Presented by Märt Volmer, Undersecretary for European Affairs
Estonia thanks the Kingdom of Belgium for organising today’s open debate and the briefers for their interventions.
If we intend transitional justice mechanisms to truly heal grief-stricken communities, the measures taken need to be comprehensive, coherent, locally owned and based on international law.
Based on our own national experience, in order overcome the harmful legacy of mass atrocity crimes, it is vital to build strong institutions capable of preserving rule of law and ensuring human rights for all.
After regaining independence in 1991, Estonia re-established rule of law and reinstated democratic institutions in conformity with international legal standards and obligations, at the same time bringing to justice perpetrators of war crimes and crimes against humanity committed during the occupation by the repressive regime.
Estonia has been active in sharing the experience and lessons learned, including by providing capacity-building in the Eastern Partnership region of Europe and programmes relating to good governance, in particular e-governance, in all regions of the world.
Estonia has further assisted women to gain livelihood, and to provide children with education opportunities in various conflict and post-conflict situations through development cooperation initiatives. Today, we can hardly imagine a community being whole without the empowerment and full and equal pariticipation of women in all stages of rebuilding of societies. We also have to ensure the engagement of children in justice and reconciliation processes.
If we want communities to be peaceful and resilient, it is critical to acknowledge past violations and to have redress to victims.
No one can remain above the law. If authorities are unable or unwilling to fulfill their primary responsibility of bringing perpetrators of the most serious crimes to justice, and there is no other international accountability mechanism set up, it is the International Criminal Court, as a complimentary judicial institution, that assists states in bringing about justice for past crimes. Estonia welcomes recent reports of Sudan’s commitment to cooperate with the ICC and readiness to hand over all five suspects to the ICC to face charges of crimes against humanity, war crimes and genocide. This would constitute a significant step in the pursuit of justice since the UN Security Council’s first ever referral of a situation to the ICC in March 15 years ago.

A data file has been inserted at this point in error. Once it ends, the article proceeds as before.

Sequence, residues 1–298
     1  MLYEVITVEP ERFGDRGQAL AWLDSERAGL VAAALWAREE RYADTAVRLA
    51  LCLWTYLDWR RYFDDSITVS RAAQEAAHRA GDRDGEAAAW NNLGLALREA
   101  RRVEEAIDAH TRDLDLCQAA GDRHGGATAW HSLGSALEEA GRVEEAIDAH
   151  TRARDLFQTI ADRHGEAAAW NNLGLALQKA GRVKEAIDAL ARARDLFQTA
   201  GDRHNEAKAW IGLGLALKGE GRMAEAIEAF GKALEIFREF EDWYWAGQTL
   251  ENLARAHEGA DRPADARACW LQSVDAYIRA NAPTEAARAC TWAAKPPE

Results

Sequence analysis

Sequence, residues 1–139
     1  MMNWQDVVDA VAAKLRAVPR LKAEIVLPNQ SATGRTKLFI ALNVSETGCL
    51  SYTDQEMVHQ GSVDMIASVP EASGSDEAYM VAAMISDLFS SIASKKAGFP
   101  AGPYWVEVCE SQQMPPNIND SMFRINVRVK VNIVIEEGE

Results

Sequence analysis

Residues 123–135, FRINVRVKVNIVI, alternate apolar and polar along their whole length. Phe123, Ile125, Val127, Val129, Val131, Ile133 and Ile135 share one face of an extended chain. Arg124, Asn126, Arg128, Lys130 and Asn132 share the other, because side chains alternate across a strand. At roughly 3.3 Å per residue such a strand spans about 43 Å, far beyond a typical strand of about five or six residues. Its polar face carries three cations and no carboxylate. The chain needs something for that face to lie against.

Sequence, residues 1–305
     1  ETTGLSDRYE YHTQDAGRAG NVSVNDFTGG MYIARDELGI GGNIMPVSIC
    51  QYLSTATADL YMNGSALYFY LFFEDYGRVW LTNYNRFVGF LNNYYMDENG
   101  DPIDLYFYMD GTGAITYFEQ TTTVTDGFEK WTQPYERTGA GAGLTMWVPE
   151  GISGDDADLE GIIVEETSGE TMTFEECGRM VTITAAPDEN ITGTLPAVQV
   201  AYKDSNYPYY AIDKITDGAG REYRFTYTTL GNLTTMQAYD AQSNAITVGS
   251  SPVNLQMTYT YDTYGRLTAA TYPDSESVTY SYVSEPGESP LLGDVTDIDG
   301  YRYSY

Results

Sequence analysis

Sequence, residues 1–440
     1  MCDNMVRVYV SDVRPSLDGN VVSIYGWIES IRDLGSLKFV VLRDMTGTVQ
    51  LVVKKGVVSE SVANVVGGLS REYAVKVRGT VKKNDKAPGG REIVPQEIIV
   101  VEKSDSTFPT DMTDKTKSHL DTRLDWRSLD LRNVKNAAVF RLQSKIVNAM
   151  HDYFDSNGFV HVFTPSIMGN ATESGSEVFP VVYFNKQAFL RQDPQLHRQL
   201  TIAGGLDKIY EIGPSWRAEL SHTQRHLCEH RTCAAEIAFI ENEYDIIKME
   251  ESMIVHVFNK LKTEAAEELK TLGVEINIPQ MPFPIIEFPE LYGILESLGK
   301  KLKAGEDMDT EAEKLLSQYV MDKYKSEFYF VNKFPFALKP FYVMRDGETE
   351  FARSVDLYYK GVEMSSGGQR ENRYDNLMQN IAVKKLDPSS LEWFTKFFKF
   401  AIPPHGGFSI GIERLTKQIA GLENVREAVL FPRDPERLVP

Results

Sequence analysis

As the road to justice may be long and winding, it is also vital to collect and preserve evidence of atrocities already during conflicts and ensure their usefulness for possible future justice mechanisms. In this regard, Estonia strongly supports international independent fact-finding and evidence preservation efforts, including in Syria and Myanmar.
We acknowledge the role of the United Nations in enhancing the sustainability of transitional justice processes. In a post-conflict situation, the UN should be able to provide a smooth transition from humanitarian relief to reconciliation (from OCHA to the UNDP). We further welcome consolidation of accountability efforts with regard to country situations, so that all transitional justice mechanisms would be able to work cohesively. At the same time, all UN activities need to systematically incorporate rule of law aspects. We appreciate the work of the Office of the High Commissioner of Human Rights (OHCHR) as the lead entity of the UN on transitional justice issues.
I would like to conclude by calling on transitional justice measures to be better examined and utilised also in the area of prevention of mass atrocity crimes. We underline the role of the Security Council in upholding and promoting transitional justice by responding decisively to early warning signs of grave violations of international law, including that of humanitarian law and human rights law, in order to prevent and mitigate human suffering. We look forward to a more consistent UN record on concrete action in the field of atrocity prevention.